Kelly: Follow the governor’s lead on transparency


When it comes to transparency, it isn’t hyperbolic to say Kansas has failed in recent years.

Under the leadership of Gov. Sam Brownback, the state received flunking grades in both “public access to information” and “executive accountability” in a 2015 Center for Public Integrity study.

Brownback and other top-level members of the administration routinely conducted state business via private email accounts.

More than 90 percent of laws passed by the Kansas Legislature in the last 10 years have been authored anonymously.

Kansas remains one of just two states in which public meeting minutes are not required to be kept.

Secrecy has festered in the Sunflower State for too long, but with Brownback off to Washington and a freshly minted Gov. Jeff Colyer at the helm, transparency advocates have been given new hope.

Earlier this month, Colyer signed four executive orders aimed at lifting the veil of secrecy in Kansas by making the first 100 pages of open record requests free, requiring state workers to conduct business primarily over governmental emails, establishing performance metrics for cabinet-level state agencies, and providing an online list of open meetings taking place within the executive branch.

Wichita State’s administration and student government association should be taking notes.

At a gubernatorial forum in D.C. last week, Colyer was asked to speak to accountability in education — something he highlighted in his joint address before the Kansas Legislature earlier this month.

“In order to get accountability, you need transparency,” Colyer said.

After the forum, he elaborated on what that transparency should look like in higher education.

“How do we move and get more information out to folks — that’s very important,” Colyer said. “So, you can get more information, then you can get accountability and get results.”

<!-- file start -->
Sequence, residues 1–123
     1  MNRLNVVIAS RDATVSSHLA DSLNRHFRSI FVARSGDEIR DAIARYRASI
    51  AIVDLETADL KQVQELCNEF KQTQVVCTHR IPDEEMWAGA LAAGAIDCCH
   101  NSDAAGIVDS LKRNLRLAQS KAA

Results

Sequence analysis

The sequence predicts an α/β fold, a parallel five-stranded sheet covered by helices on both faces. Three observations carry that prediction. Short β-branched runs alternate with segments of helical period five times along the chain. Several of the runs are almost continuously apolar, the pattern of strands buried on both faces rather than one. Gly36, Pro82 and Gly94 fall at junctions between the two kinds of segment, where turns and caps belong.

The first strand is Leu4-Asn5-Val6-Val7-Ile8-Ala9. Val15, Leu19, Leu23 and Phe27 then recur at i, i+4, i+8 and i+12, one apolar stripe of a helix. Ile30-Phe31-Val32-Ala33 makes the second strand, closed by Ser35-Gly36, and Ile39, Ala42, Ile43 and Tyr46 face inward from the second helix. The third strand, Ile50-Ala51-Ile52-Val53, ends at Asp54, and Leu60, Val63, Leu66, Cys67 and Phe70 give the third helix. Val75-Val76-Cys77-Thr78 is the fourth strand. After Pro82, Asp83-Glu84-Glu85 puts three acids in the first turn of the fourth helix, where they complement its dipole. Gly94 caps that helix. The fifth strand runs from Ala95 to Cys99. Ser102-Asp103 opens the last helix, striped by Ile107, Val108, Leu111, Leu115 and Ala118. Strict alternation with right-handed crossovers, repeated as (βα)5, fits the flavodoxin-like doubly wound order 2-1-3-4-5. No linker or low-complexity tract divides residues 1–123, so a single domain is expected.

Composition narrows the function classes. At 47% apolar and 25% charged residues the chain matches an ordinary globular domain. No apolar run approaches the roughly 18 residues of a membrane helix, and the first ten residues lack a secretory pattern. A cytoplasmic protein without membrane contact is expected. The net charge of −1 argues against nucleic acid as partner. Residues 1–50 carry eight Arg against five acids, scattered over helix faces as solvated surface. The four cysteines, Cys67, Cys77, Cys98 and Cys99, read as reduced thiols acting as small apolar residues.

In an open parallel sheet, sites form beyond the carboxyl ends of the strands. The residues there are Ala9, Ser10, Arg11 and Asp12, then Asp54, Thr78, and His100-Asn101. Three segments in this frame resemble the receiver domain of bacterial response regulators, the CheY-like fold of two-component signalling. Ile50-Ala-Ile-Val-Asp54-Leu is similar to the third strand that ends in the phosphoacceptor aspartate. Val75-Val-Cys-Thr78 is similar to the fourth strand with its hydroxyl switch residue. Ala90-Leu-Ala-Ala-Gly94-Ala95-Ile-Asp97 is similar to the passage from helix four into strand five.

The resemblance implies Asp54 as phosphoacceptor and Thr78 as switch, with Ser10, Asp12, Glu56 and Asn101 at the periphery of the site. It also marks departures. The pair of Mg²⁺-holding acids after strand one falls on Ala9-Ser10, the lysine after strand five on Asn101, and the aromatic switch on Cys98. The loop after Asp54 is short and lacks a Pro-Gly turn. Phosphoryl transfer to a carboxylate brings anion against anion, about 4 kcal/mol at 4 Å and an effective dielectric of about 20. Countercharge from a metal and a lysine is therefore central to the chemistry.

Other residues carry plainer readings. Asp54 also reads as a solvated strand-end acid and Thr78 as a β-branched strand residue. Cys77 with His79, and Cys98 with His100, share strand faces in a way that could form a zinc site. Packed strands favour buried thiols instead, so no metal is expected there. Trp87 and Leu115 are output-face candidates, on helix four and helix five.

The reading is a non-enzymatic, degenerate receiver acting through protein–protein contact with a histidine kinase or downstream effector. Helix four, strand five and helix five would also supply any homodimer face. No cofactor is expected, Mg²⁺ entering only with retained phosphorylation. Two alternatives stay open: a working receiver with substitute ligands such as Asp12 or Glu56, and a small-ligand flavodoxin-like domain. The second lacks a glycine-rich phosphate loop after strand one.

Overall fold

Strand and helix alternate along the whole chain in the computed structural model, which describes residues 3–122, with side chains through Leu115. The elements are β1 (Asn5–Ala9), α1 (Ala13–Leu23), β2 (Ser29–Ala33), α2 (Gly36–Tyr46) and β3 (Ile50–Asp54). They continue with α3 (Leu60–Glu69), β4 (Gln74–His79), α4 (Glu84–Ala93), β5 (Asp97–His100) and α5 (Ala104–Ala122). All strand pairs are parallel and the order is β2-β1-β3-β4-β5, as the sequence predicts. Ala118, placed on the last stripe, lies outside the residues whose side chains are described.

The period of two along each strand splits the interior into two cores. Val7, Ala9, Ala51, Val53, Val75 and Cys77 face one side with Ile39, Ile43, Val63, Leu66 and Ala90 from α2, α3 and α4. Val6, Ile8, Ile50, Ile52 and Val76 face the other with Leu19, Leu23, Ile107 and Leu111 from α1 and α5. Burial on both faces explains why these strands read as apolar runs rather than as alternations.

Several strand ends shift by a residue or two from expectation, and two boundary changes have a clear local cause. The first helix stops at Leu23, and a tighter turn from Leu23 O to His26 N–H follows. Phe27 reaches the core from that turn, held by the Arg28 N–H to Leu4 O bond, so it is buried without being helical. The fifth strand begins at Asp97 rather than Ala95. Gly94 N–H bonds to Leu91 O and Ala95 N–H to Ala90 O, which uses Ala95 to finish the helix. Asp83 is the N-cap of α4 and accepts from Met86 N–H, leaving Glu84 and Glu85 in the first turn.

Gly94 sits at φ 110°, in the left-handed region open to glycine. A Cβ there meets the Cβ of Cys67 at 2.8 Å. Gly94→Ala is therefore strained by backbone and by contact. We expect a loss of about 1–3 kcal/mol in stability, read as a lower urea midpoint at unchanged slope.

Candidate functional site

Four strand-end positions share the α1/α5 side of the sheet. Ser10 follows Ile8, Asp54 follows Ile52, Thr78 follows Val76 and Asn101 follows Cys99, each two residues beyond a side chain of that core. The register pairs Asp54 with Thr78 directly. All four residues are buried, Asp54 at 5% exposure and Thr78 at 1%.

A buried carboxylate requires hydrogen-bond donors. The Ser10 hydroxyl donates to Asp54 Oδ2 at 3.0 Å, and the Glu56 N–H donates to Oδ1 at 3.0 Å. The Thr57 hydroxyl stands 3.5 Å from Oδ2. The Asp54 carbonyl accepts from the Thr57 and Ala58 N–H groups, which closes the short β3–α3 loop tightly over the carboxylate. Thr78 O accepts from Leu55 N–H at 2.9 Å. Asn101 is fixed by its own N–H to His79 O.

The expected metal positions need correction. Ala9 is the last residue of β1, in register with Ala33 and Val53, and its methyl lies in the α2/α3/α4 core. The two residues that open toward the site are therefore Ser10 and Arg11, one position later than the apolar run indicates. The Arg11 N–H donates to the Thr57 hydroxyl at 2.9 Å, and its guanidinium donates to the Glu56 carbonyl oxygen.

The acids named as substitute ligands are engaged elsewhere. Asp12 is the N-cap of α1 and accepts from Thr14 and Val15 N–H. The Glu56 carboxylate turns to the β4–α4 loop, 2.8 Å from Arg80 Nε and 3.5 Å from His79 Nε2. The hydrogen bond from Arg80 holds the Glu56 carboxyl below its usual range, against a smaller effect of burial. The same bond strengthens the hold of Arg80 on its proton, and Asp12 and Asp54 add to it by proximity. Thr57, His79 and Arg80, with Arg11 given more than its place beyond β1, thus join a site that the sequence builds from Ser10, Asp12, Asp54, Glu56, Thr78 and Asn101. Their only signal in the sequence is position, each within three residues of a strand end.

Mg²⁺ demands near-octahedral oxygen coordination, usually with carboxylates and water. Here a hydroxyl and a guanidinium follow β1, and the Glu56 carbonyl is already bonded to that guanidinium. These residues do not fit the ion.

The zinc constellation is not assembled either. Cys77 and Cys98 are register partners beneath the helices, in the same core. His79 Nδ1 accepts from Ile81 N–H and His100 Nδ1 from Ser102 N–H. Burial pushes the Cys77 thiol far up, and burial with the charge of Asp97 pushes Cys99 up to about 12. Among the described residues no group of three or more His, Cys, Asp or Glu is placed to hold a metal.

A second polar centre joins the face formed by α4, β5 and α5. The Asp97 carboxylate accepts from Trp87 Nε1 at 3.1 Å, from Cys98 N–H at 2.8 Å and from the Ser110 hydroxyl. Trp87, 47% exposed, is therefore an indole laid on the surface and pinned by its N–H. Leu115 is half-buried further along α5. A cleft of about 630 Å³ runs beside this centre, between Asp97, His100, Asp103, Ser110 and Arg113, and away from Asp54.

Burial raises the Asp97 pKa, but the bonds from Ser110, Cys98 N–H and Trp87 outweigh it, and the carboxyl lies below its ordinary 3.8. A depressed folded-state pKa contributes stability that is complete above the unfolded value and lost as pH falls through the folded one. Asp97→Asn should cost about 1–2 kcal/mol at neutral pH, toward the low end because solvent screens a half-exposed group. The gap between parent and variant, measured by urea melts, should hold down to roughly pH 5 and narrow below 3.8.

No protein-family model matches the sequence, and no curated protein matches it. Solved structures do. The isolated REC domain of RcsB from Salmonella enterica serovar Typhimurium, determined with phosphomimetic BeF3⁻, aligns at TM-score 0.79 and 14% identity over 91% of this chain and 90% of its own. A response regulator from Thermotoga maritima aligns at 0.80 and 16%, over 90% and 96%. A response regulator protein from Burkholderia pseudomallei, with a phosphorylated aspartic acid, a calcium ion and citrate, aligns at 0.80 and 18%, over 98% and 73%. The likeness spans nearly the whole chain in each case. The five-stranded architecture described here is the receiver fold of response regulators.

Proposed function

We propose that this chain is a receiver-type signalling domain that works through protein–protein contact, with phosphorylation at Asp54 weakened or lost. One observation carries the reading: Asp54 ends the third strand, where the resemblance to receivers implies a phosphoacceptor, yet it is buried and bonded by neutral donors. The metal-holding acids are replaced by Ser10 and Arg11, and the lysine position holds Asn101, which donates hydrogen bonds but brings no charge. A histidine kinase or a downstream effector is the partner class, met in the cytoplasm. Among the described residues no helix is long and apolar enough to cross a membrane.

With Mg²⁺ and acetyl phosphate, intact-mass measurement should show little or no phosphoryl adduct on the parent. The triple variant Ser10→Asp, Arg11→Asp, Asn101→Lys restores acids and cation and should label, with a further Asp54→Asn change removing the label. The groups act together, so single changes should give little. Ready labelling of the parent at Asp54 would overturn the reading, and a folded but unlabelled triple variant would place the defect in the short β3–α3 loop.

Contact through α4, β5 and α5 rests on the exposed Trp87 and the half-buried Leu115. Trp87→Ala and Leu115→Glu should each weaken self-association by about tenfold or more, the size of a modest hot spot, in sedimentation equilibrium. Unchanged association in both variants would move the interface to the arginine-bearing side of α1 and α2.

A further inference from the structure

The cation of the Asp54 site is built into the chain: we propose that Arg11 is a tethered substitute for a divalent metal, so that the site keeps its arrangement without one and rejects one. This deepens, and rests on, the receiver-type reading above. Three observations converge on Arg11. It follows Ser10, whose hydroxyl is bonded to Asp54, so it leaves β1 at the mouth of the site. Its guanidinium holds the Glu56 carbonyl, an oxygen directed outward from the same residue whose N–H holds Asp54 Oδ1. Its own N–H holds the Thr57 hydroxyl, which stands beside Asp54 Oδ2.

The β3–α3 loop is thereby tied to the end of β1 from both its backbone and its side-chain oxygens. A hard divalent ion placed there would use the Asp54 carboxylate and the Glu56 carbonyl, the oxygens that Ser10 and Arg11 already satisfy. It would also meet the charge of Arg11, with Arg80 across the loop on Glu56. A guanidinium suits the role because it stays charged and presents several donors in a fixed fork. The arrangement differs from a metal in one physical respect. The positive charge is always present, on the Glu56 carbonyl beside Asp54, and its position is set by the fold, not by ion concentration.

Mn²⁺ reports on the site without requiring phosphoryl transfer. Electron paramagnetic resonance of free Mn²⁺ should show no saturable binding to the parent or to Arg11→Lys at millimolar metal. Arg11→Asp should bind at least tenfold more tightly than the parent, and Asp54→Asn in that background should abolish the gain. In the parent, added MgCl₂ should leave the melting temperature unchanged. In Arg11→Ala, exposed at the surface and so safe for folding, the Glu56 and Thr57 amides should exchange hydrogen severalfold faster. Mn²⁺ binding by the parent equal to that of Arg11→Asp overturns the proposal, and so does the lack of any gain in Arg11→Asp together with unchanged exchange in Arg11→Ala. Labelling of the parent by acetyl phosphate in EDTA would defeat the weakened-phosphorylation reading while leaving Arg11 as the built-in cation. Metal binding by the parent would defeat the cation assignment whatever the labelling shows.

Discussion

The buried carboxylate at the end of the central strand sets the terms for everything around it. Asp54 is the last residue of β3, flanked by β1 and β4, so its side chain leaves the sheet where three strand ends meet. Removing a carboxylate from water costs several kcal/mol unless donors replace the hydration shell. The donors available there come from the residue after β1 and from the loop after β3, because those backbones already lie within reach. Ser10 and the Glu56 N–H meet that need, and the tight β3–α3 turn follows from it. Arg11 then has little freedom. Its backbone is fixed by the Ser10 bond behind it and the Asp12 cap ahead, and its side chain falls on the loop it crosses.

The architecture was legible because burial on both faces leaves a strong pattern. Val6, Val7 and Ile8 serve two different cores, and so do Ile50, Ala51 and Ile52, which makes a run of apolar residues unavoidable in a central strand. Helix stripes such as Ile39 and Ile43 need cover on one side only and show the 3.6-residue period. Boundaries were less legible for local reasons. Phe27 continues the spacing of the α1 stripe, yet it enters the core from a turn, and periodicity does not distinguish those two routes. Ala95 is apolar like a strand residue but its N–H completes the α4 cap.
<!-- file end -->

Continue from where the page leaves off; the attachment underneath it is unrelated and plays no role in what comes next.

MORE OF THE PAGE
Information, accountability, and results. What’s not to like?

Here are some of the ways the university could up the ante of transparency, something that has been in short supply as of late.

Instead of disputing and redacting open records requests, WSU should readily provide pertinent information on the university’s operation and affairs.

Instead of relying on intimidation tactics and refusing interviews on sensitive topics such as enrollment, administrators should use every platform available to address the student body’s questions and concerns.

Instead of unceremoniously shutting the door on the public to deliberate on student fee allocation, SGA’s Student Fees Committee should let the very students it represents listen to the discussion of what will happen to their money and why.

When there’s nothing to hide, transparency is a win-win exercise in trust.

When there is something to hide, transparency is the only way to avoid blatant corruption.

Colyer’s executive orders have set a precedent of increased openness in Kansas moving forward, and WSU would do well to follow the governor’s lead.

Let sunshine illuminate the Sunflower State. If WSU wants to see results, it’s time for some information and accountability.


—Matthew Kelly is The Sunflower’s Washington Bureau Chief while he completes an internship through Wichita State’s political science department at, a nonprofit research group that tracks money in U.S. politics and its effect on elections and public policy.